ICSE History & Civics Class 10 Syllabus

There is one paper of two hours duration carrying 80 marks and an Internal Assessment of 20 marks. The paper is divided into two parts - Part I and Part II. Part I (30 marks) contains short answer questions set from the entire syllabus. You are required to answer all questions.

Part II (50 marks) consists of Section A (Civics) and Section B (History). You are required to answer two out of three questions from Section A and three out of five questions from Section B.

Section A: Civics

1. The Union Legislature

Meaning of the federal setup in India.

(i) Lok Sabha - term, composition, qualifications for membership. Parliamentary procedures: a brief idea of sessions, quorum, question hour, adjournment and no-confidence motion. Speaker - selection and functions.

(ii) Rajya Sabha - composition, qualifications for membership, election, term, Presiding Officer.

Powers and functions of Union Parliament - (legislative, financial, judicial, electoral, amendment of the Constitution, control over executive). Exclusive powers of the two Houses.

2. The Union Executive

(a) The President: Qualifications for election, composition of Electoral College, reason for indirect election, term of office, procedure for impeachment.

Powers - executive, legislative, financial, judicial, discretionary and emergency.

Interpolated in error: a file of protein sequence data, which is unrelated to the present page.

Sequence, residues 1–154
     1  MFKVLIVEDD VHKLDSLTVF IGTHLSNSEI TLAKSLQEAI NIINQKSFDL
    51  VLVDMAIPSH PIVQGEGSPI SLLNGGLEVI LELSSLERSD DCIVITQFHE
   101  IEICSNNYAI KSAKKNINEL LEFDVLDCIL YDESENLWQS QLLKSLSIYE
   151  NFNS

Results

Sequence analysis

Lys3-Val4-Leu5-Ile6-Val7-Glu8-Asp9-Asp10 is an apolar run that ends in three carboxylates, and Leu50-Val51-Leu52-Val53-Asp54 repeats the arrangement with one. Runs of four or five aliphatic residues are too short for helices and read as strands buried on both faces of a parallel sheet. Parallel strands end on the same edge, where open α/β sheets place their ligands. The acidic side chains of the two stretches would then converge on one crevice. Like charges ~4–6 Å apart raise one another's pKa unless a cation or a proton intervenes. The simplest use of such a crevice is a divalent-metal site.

(b) The Vice-President: Qualifications for election, term of office and powers.

(c) Prime Minister and Council of Ministers: Appointment, formation of Council of Ministers, tenure, functions - Policy making, administrative, legislative, financial, emergency. Position and powers of the Prime Minister. Collective and individual responsibility of the members of the Cabinet. Distinction between the Council of Ministers and the Cabinet.

3. The Judiciary

(a) The Supreme Court: Composition, qualification of judges, appointment, independence of judiciary from control of executive and legislature; Jurisdiction and functions: Original, Appellate, Advisory, Revisory, Judicial Review and Court of Record. Enforcement of Fundamental Rights and Writs.

(b) The High Courts: Composition, qualifications of judges, appointment; Jurisdiction and functions: Original, Appellate, Revisory, Judicial Review and Court of Record. Enforcement of Fundamental Rights and Writs.

(c) Subordinate Courts: Distinction between Court of the District Judge and Sessions Court.

Lok Adalats: meaning and advantages.

Section B: History

1. The Indian National Movement (1857 - 1917)

(a) The First War of Independence, 1857: Only the causes (political, socio-religious, economic and military) and consequences will be tested. The events, however need to be mentioned in order to maintain continuity and for a more comprehensive understanding.

(b) Factors leading to the growth of Nationalism - economic exploitation, repressive colonial policies, socio-religious reform movements (brief mention of contribution of Raja Rammohan Roy and Jyotiba Phule) and role of the Press.